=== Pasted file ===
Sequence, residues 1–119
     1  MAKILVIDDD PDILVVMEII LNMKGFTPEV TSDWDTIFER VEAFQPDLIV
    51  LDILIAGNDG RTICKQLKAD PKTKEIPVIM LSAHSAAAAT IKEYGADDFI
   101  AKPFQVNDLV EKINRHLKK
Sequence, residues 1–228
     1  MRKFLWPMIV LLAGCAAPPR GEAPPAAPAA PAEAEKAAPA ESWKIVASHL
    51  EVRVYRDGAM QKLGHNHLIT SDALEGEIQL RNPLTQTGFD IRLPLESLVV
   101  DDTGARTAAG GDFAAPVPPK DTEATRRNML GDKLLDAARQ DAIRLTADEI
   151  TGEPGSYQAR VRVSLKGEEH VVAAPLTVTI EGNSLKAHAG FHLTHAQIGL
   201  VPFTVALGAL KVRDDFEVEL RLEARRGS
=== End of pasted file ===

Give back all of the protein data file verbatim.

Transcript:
Sequence, residues 1–119
     1  MAKILVIDDD PDILVVMEII LNMKGFTPEV TSDWDTIFER VEAFQPDLIV
    51  LDILIAGNDG RTICKQLKAD PKTKEIPVIM LSAHSAAAAT IKEYGADDFI
   101  AKPFQVNDLV EKINRHLKK
Sequence, residues 1–228
     1  MRKFLWPMIV LLAGCAAPPR GEAPPAAPAA PAEAEKAAPA ESWKIVASHL
    51  EVRVYRDGAM QKLGHNHLIT SDALEGEIQL RNPLTQTGFD IRLPLESLVV
   101  DDTGARTAAG GDFAAPVPPK DTEATRRNML GDKLLDAARQ DAIRLTADEI
   151  TGEPGSYQAR VRVSLKGEEH VVAAPLTVTI EGNSLKAHAG FHLTHAQIGL
   201  VPFTVALGAL KVRDDFEVEL RLEARRGS